NYPD officer won’t face federal charges in death of Eric Garner
The family of Eric Garner, who died in 2014 during an attempted arrest by New York police, on Tuesday blasted federal prosecutors’ decision not to bring charges against the officer on the case as a denial of justice.
Garner’s death during an arrest for allegedly selling loose cigarettes — and his gasped final words “I can’t breathe,” caught on bystander video — played a key role in the rise of the Black Lives Matter movement decrying excessive use of force by police officers against black men and teens in the United States.
A lengthy Department of Justice review of the incident did not reach a conclusive determination of whether Officer Daniel Pantaleo willfully committed misconduct, an “essential element” necessary to bring federal charges, a senior department official told reporters at a briefing in Washington.
“We have to match up what we see” with all the elements of a crime required to be proven under the law, the official said. “It did not fit within the statute.”
The official confirmed that no New York police officer — not just Pantaleo — will face any charges.
“The DOJ has failed us,” Garner’s mother, Gwen Carr, said. She said she wants Pantaleo fired.
“Five years ago, my son said ‘I can’t breathe’ 11 times, and today we can’t breathe because they let us down.”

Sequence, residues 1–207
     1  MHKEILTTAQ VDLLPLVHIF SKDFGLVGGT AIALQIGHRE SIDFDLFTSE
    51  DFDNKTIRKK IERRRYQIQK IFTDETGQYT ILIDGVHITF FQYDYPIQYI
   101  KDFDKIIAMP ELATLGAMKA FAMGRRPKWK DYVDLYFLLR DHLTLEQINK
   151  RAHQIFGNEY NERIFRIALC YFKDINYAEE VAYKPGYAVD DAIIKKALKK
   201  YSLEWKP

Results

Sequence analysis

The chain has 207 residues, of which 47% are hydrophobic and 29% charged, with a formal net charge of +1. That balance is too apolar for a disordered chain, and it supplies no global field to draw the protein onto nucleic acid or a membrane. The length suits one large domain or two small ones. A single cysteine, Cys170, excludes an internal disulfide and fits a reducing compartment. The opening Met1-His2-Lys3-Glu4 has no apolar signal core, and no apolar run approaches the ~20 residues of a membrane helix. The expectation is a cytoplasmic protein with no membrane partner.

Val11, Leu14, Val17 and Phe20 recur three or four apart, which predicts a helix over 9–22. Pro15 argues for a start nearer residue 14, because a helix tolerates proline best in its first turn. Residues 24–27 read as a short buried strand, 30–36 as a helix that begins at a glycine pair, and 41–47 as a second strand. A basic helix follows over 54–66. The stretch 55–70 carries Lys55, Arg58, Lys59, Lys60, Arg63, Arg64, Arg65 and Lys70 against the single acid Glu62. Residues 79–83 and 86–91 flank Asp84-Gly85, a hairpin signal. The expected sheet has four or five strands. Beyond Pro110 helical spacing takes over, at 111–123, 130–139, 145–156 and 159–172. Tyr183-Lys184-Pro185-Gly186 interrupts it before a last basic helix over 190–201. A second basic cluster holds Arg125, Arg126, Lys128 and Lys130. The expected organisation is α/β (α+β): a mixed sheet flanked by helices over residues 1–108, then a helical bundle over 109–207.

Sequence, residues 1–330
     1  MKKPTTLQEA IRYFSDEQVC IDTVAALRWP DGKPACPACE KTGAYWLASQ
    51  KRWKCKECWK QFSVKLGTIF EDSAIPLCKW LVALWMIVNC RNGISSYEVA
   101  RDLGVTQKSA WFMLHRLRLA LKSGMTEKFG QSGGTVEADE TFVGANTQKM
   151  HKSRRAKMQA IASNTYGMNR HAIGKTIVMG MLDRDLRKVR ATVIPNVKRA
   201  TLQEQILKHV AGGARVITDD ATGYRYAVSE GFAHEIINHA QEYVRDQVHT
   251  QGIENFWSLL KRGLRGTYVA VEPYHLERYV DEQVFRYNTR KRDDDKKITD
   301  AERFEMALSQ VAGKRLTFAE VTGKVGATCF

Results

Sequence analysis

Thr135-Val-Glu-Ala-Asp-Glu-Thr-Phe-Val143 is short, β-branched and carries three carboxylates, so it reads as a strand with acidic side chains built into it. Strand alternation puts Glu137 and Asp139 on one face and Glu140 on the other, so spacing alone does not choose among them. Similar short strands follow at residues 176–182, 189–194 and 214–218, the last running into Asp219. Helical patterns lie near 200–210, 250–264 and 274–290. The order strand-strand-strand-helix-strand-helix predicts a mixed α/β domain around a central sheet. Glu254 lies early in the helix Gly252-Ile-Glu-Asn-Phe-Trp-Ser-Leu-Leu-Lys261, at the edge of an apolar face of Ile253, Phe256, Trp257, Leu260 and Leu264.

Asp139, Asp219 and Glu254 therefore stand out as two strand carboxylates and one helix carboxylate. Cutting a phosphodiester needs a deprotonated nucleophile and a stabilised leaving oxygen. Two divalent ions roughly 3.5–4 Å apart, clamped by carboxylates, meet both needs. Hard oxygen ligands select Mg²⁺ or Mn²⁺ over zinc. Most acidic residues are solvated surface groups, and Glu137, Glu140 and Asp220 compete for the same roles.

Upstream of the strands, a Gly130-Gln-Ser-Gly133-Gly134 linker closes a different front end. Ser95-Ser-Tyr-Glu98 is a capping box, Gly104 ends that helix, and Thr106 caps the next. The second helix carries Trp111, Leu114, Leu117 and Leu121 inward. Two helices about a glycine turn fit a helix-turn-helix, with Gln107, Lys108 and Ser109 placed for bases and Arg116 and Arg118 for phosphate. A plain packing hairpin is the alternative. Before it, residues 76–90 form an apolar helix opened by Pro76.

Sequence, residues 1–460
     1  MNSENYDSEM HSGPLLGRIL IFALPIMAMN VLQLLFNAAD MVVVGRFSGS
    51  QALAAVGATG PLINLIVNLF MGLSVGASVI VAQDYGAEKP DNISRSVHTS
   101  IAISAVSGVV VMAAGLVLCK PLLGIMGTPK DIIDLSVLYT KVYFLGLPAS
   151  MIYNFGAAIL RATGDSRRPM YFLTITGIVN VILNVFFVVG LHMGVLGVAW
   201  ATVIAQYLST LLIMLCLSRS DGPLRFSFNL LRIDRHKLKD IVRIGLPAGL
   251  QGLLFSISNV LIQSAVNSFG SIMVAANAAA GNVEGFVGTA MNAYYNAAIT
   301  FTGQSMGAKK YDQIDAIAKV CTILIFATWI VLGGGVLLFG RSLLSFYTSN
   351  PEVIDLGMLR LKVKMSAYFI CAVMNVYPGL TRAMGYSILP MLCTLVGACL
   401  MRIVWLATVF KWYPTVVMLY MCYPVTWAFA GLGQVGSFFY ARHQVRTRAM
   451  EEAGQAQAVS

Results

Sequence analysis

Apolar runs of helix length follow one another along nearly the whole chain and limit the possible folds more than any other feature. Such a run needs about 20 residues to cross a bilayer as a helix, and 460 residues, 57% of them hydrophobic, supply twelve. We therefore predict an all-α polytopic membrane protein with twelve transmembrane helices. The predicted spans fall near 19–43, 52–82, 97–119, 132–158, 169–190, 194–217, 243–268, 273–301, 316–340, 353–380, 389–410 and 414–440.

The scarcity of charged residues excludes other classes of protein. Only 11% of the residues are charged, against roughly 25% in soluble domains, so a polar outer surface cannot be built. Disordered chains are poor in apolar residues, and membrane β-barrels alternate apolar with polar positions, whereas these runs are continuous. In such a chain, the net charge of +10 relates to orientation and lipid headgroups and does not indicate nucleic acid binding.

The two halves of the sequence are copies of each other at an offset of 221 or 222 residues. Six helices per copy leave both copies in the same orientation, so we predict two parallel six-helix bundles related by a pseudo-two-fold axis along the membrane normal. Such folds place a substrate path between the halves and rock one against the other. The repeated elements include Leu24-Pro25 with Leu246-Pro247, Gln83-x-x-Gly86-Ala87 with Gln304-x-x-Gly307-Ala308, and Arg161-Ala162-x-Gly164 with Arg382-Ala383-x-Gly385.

Wednesday will mark five years since the incident. A New York grand jury in 2014 declined to charge Pantaleo, who has been assigned to desk duty since Garner’s death. He faced a disciplinary trial in May at New York City Police Department headquarters.
After meeting with federal prosecutors in Brooklyn, members of Garner’s family joined civil rights activist Al Sharpton, who decried the decision as “a moral disgrace and judicial malpractice.”
Disciplinary decision still to be determined
Federal prosecutors, who had been looking at possible civil rights violations, decided not to bring charges, according to a source familiar with the decision.
A spokesperson for the federal prosecutor’s office in Brooklyn declined to comment on the report ahead of a news briefing. A spokesperson for New York’s Police Benevolent Association union declined to immediately comment on the news.
Medical experts have determined Garner’s death was a homicide induced by “compression of neck, compression of chest and prone positioning during physical restraint by police.”
Pantaleo’s lawyers have argued he did not use a chokehold, but instead used an authorized “seatbelt” hold that slipped as Garner struggled, and that the officer did not cause Garner’s death.
Following Pantaleo’s disciplinary trial, a departmental judge is due to make her recommendations to New York Police Commissioner James O’Neill, who will then ultimately decide whether to punish Pantaleo. He could lose vacation days or be fired.
The incident, and other high-profile police killings of black men and teens in cities including Ferguson, Mo., and Baltimore, set off a wave of nationwide protests in 2014 and 2015.